Winnipeg, Canada – A Jewish human rights organization says it is being unfairly targeted in a discrimination complaint that it can’t possibly defend.
Legal counsel for B’nai Brith Canada said the organization has been dogged by a four-year-old complaint to the Manitoba Human Rights Commission where specifics of the alleged wrongdoing have not been spelled out and the complainant never witnessed the alleged incident.
‘‘We’re involved in shadow-boxing,’’ lawyer David Matas said of B’nai Brith’s attempts to defend a complaint of discrimination.
‘‘It’s been 4 1/2 years and we don’t understand why this (complaint) hasn’t been dismissed as frivolous,’’ he said.
In February 2004, prominent Muslim advocate Shahina Siddiqui filed a complaint against B’nai Brith for hosting a counter-terrorism workshop for police, firefighters and paramedics which she said was biased against Muslims.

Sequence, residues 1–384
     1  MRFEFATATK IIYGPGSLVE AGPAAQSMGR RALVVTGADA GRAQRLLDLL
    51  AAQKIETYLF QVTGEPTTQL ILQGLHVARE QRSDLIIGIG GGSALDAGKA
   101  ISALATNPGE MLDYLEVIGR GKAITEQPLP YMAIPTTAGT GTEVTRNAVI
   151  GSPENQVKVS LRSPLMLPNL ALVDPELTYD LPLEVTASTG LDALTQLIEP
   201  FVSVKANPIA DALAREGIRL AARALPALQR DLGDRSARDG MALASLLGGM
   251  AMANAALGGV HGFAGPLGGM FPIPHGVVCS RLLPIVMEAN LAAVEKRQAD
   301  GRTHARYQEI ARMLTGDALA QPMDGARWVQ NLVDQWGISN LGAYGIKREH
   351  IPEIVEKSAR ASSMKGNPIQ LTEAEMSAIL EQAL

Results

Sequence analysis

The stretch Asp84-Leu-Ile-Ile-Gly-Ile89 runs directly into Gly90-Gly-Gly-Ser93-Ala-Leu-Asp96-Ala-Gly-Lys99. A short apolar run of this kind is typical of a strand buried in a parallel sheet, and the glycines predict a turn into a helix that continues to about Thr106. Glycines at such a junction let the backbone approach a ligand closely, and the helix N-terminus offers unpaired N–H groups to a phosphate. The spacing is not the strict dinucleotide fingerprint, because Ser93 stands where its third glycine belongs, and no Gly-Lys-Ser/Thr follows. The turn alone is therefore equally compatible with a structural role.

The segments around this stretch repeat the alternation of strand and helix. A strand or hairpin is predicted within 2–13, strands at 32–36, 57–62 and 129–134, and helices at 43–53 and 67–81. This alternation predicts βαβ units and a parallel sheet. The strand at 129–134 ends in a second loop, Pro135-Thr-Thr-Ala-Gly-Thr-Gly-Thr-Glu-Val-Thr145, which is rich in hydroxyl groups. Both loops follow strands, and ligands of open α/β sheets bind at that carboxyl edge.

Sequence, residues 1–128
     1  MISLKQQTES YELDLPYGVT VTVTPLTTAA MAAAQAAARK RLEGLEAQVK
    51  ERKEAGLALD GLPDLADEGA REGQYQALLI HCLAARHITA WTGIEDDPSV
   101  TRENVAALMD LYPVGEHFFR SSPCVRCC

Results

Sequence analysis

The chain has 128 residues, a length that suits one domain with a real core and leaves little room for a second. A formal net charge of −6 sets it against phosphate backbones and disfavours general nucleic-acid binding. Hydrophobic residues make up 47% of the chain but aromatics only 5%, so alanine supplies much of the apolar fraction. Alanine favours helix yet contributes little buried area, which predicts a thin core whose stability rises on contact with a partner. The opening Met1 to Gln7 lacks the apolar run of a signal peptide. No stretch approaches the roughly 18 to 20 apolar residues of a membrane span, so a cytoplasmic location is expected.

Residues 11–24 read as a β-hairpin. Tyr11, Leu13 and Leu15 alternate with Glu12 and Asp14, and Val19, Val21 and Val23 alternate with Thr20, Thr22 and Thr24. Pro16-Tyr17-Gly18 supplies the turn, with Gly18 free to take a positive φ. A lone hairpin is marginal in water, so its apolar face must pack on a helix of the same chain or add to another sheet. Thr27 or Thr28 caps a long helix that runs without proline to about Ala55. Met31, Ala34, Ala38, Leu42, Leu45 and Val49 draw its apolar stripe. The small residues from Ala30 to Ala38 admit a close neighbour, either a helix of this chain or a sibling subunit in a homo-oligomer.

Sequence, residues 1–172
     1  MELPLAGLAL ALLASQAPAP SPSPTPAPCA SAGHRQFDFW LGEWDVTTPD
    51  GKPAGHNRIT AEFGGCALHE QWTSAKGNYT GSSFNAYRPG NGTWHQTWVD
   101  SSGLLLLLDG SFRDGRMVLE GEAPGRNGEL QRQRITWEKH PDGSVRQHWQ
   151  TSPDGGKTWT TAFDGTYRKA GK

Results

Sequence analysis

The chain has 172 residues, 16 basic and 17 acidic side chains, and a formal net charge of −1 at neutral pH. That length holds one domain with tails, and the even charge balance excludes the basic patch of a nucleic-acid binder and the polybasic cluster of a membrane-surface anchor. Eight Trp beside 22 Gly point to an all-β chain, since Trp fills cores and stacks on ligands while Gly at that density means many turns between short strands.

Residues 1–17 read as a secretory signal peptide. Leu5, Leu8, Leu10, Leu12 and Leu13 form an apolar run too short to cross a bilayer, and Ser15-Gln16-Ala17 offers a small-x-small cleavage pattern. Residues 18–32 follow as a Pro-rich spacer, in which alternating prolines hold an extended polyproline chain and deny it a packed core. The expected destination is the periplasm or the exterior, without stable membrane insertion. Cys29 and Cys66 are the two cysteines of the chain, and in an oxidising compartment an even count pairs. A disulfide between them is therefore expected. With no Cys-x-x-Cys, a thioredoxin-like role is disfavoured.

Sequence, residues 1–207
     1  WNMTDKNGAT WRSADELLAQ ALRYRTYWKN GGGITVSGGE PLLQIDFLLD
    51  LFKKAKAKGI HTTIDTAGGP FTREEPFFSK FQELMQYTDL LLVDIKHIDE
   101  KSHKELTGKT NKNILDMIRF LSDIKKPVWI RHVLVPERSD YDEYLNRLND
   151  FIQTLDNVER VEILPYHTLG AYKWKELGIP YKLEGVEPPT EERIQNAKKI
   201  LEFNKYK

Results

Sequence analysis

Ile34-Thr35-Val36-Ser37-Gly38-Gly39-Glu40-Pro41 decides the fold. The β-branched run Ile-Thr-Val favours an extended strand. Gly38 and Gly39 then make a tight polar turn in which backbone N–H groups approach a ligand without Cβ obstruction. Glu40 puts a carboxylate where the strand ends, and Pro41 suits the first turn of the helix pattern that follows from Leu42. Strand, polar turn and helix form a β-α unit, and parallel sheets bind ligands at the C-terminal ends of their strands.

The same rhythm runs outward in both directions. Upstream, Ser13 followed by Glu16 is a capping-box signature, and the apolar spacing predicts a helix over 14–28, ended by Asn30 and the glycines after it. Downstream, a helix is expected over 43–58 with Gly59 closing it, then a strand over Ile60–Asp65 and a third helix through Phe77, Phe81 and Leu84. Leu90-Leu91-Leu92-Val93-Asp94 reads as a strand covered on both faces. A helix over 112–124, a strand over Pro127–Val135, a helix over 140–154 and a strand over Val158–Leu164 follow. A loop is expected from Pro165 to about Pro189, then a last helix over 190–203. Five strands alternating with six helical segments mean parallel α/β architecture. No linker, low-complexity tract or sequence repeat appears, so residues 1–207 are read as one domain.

The workshop had been held the previous October and was given by an internationally renowned firm with expertise in counter-terrorism.
Siddiqui admitted she never attended the workshop, but filed the complaint after hearing comments from those she said had attended.
Matas said the commission staff have told him they’ve interviewed the individuals Siddiqui said passed the comments to her, but the commission refused to disclose the identity of those individuals or what it is they’ve allegedly told the commission.
Matas said B’nai Brith had little involvement in the October 2003 counter-terrorism workshop other than hosting it.
He said the organization was unable to find anything offensive in the presentation and could not locate any individual who believed the presentation was biased against Muslims.
Siddiqui could not be reached for comment and the executive of the Manitoba Human Rights commission did not return calls.